It's such a large piece that it requires two conductors, including one leading a chamber orchestra and two male soloists, who represent soldiers and sing the poetry of Mr. Owen. A boys' choir adds disembodied, comforting voices, as from heaven. A soprano soloist also is featured
"To see how Benjamin Britten combines all this, puts it all together, to make a powerful statement about the tolls of war, I know people will be touched by it," Mr. Smith said. As for traveling to Germany to perform it with the college students, he noted: "It's not hyperbole to say it will be a life-changing event for these students."
Mr. Smith traveled to Germany three summers ago and met a friend of his, now a professor at the music school in Detmold. He also met the head of the school, and when they talked about his plans for "War Requiem," "his eyes lit up," Mr. Smith recalled. "It's a piece that means a lot to him," he said.
Mr. Smith learned the Augustana Choir planned to tour in Germany this year, and thought: "Wouldn't it be fantastic if they could join us over there?" The pieces fell into place, he said.
There are 65 students in the Augie choir, and they will be supplemented by 50 community singers in Quad City Choral Arts, also led by Jon Hurty, director of choral activities at Augustana. Some of the QCCA singers also will make the trip to Germany. The choir tour will include stops in Leipzig and Rothenburg, Germany, and Salzburg, Austria.
The Norwegian Nobel Institute will be holding its 23rd annual Nobel Peace Prize Forum in Minnesota at the time of the "Britten Peace Project" concerts.
Mr. Smith, a native of Phoenix, Ariz., remembers his father was involved with the first "War Requiem" performance in 1968 in Phoenix, where he was chorus master for the symphony chorale. Mr. Smith was then 6. He will conduct the QCSO performance using his father's old score.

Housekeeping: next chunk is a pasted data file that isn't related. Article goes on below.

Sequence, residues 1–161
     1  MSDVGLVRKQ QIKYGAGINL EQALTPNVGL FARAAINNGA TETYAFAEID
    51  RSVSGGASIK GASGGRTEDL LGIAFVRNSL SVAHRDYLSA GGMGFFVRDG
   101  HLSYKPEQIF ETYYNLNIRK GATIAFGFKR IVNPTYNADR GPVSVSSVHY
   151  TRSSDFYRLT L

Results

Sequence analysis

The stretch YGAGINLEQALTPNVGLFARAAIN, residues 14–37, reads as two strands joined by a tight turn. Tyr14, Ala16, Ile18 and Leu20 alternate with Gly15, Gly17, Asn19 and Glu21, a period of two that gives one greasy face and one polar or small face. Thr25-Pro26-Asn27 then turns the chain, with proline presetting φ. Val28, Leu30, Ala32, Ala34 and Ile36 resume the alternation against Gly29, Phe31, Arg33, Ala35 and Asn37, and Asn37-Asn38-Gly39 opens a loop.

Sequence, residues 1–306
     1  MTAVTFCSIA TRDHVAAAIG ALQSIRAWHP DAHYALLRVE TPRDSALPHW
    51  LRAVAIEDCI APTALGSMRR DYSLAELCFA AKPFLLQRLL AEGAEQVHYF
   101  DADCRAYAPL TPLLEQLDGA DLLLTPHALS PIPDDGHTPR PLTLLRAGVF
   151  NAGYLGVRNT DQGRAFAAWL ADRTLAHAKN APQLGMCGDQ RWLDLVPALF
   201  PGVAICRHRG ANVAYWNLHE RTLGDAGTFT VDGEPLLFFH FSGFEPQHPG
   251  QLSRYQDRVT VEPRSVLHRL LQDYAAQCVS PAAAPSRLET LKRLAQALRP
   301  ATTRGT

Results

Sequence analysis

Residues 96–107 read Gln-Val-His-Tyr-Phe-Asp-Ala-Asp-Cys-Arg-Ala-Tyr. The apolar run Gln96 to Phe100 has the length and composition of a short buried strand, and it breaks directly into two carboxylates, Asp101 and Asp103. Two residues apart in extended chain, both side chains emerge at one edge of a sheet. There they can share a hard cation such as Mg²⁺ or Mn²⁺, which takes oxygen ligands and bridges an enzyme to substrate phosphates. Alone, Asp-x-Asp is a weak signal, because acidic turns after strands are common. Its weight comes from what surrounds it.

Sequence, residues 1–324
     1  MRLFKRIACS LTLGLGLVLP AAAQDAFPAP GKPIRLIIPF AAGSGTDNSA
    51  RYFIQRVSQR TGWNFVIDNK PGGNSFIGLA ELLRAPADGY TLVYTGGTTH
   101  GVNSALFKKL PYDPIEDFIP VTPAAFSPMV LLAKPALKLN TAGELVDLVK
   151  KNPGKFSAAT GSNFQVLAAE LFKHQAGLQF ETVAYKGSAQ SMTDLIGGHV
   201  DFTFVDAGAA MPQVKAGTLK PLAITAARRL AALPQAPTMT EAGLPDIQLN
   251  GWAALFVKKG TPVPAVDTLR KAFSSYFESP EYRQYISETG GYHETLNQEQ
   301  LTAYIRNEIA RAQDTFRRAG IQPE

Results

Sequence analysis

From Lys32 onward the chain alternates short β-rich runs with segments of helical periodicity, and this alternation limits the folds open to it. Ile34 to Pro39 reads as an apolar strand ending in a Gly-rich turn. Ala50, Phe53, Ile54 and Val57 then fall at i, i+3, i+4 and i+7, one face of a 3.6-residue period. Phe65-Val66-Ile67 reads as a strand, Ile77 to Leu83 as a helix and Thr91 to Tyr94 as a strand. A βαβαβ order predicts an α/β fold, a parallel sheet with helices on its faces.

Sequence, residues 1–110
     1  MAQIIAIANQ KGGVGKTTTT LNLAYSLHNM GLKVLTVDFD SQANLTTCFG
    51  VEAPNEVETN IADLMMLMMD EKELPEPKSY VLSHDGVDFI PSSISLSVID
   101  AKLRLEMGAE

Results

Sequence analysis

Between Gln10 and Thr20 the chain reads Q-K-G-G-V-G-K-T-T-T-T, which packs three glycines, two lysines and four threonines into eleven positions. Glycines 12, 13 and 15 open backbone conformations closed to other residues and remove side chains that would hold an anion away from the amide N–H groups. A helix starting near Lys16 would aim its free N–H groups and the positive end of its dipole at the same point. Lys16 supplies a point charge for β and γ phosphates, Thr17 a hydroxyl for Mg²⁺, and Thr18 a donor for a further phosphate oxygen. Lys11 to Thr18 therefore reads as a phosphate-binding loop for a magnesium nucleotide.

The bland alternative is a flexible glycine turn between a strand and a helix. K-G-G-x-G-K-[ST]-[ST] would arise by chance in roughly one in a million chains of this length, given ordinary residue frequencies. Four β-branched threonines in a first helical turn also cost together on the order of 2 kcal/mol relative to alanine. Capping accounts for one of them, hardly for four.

A sampling of 'Britten Peace Project' events
Friday, Feb. 24, 6:30 p.m. -- "War Requiem," a 1989 film by Derek Jarman, with no spoken dialogue, but simply accompanied by the Benjamin Britten work, at the Figge Art Museum, Davenport.
Saturday, Feb. 25, to Sunday, April 15 -- "War and Remembrance," art on loan from the Jewish Federation of the Quad Cities, at the Figge Art Museum.
Thursday, March 1, 5:30 p.m. -- Army Sustainment Command Historian George Eaton describes the British trench experience in World War I and its influence on the poetry of Wilfred Owen, at the Hotel Blackhawk, Davenport.
Friday, March 2, at 5:30 p.m. -- Mr. Eaton will repeat his talk on British trench experience in World War I in the Caisson Room, Building 60, down the hall from the Rock Island Arsenal Museum.
Saturday, March 3 at 2 p.m. and 8 p.m. -- Ballet Quad Cities will present "From the Pages of a Young Girl's Life: The Story of Anne Frank," at the Holzworth Performing Arts Center, Davenport North High School.
For a complete schedule of "Britten Peace Project" events, visit qcsymphony.com/peace.html.